Shortly after the war's end Myers lost his appetite for politics. He had been affronted by what he thought was a blatant appeal for a sympathy vote by his blinded soldier opponent, Clutha Mackenzie, during the December 1919 election campaign. And he was shrewd enough to sense that a prolonged period of Reform Party domination was at hand: he could never fulfil himself, he knew, as a long-term opposition MP. Nor was there a need for him to return to the helm of Campbell and Ehrenfried, now under the capable direction of its managing director, Alfred S. Bankart.
At the time of his marriage Arthur Myers had promised his wife that should there be a time when he no longer needed to live in New Zealand, they would return to England, where Vera had passed most of her youth. By 1920 he decided that that time had come. He went with Vera and their three children (two daughters and a son) to London, and bought a house in Mayfair, returning to New Zealand only to see out the 1921 sitting of Parliament. He then resigned his seat to go back to England permanently. The Auckland public regarded the departure of one with so much to offer and at the height of his powers as 'a calamity'.
In 1924 Myers was knighted for services to his country. He had served Auckland and the young dominion well in government and business alike. An enthusiastic athlete in his youth, he had continued to support sports administration in his later years. His work on a number of trusts, such as Cornwall Park and the Campbell estate, had been invaluable. He had been a generous benefactor, perhaps best remembered for his gift of six acres of slum land lying between Grey Street (Greys Avenue) and Queen Street, which he bought and gifted to the city in 1913 to be developed as an inner-city park. On the margin of this open land, called Myers Park in his honour, he built with his own money a free kindergarten. While living in London he donated £5,000 towards the erection of a Karitane hospital in Auckland. He was responsible for numerous other benefactions.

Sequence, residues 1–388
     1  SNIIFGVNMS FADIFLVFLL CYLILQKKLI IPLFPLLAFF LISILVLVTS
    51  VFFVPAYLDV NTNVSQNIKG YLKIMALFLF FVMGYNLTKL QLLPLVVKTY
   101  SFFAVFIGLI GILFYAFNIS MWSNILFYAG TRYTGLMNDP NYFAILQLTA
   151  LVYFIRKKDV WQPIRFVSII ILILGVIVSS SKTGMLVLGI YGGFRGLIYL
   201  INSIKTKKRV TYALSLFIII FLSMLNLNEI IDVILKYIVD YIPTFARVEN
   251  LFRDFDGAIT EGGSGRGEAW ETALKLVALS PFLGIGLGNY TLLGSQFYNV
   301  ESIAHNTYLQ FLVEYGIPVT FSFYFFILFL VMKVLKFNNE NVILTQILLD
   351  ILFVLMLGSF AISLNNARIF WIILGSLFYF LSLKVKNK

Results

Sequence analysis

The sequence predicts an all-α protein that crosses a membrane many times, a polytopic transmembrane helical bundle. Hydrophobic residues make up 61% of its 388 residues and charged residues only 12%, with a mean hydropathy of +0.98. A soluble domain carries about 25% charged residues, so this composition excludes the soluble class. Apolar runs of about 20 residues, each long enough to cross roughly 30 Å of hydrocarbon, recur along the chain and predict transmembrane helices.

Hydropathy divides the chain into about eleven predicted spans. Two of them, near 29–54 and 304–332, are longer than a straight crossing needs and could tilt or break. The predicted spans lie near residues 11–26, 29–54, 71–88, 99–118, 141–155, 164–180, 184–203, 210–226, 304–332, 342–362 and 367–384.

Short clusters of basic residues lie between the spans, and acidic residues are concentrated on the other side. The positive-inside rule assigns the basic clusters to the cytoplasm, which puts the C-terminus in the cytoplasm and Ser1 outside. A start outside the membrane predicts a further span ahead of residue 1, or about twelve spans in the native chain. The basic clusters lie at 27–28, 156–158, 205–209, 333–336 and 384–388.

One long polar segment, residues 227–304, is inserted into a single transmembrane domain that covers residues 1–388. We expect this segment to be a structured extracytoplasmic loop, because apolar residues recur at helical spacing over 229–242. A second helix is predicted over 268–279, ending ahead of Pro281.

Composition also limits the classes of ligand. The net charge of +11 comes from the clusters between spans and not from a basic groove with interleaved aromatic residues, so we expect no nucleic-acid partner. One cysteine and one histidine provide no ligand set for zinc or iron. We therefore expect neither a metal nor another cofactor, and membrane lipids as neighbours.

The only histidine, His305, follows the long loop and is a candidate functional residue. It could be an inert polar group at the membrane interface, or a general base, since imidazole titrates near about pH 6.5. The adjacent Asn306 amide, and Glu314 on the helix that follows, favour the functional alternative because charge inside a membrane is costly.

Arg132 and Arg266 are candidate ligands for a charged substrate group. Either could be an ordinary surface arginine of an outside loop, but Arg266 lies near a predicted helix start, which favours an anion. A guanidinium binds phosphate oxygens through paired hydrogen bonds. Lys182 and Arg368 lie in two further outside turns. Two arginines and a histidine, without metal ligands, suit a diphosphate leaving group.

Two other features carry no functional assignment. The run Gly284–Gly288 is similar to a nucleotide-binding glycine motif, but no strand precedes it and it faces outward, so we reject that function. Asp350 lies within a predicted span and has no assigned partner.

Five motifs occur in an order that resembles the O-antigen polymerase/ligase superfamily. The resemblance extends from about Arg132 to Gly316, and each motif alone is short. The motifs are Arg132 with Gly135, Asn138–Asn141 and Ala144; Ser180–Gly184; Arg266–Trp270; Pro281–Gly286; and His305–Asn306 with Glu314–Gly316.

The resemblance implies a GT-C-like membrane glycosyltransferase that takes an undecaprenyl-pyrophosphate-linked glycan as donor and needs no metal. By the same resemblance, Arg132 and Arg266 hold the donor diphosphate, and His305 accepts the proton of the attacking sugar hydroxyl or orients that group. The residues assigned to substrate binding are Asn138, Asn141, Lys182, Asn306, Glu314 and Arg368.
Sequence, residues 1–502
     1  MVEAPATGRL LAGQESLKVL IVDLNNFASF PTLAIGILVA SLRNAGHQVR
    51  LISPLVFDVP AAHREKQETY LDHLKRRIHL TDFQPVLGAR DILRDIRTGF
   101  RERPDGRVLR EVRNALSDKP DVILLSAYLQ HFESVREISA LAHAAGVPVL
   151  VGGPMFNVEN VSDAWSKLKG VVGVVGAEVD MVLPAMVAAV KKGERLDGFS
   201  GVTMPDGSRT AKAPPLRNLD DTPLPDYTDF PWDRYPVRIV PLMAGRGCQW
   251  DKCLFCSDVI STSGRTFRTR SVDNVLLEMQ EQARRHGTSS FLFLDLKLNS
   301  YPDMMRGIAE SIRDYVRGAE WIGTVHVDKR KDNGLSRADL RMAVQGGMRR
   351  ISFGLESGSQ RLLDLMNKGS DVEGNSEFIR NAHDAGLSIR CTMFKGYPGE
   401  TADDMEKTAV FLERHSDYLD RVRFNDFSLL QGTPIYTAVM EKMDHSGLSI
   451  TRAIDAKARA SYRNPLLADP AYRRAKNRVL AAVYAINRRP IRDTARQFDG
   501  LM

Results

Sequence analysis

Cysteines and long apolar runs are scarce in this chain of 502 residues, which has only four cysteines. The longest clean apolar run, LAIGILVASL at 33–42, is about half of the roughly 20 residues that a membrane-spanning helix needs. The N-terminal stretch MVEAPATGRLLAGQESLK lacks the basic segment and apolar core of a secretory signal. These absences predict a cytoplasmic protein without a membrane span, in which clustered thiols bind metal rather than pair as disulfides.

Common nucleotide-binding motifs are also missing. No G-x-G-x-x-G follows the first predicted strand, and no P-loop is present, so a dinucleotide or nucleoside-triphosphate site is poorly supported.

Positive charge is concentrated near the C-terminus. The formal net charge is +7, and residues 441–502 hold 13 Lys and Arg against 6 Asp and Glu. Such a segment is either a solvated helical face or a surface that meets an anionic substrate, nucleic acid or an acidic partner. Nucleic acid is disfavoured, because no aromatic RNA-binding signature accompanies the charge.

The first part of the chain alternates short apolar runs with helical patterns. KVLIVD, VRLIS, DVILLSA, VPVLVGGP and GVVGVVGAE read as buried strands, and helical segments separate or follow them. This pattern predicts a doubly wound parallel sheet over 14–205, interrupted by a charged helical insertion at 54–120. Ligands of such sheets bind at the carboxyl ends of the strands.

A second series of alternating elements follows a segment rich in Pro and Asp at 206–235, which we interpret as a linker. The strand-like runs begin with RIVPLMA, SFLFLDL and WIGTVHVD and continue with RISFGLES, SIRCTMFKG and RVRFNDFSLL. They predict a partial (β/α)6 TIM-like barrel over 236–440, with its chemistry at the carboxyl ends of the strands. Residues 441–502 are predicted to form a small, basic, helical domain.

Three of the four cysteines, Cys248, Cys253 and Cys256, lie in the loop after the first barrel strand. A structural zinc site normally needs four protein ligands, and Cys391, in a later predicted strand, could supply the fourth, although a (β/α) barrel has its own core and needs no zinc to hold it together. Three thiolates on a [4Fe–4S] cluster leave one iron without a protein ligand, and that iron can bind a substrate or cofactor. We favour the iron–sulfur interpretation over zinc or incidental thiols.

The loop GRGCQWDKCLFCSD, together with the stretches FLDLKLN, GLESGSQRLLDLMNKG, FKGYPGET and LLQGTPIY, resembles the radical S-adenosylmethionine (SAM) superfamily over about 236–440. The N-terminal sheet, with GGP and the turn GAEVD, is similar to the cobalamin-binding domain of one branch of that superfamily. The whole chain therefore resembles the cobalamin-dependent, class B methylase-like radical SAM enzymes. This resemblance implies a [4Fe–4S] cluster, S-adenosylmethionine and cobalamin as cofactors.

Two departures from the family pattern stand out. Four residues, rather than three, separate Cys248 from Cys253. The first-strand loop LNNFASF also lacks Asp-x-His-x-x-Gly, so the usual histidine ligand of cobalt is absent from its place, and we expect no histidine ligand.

In London Myers lived a semi-retired existence. He went onto the London board of the National Bank of New Zealand and also continued to carry out a number of semi-public responsibilities. He also took up golf – maybe too strenuously, for it was on a golf course that he had his first heart attack. After a series of such attacks he died in his London house on 9 October 1926. He was survived by his children and his wife, who lived on in England until her death in 1965.
Arthur Myers was a man of immense talent and industry, whose ability led him to make the most of his advantageous family connections. He inherited and built up what was to become, under his son, Kenneth, and grandson, Douglas, one of New Zealand's leading business groups, and also made a lasting contribution to civic affairs in Auckland.